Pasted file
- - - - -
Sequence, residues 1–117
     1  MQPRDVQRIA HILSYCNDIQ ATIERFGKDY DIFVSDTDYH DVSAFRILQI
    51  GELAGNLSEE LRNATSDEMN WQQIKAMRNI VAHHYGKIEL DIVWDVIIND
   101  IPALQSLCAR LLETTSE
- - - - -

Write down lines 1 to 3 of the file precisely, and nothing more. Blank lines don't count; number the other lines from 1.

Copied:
Sequence, residues 1–117
     1  MQPRDVQRIA HILSYCNDIQ ATIERFGKDY DIFVSDTDYH DVSAFRILQI
    51  GELAGNLSEE LRNATSDEMN WQQIKAMRNI VAHHYGKIEL DIVWDVIIND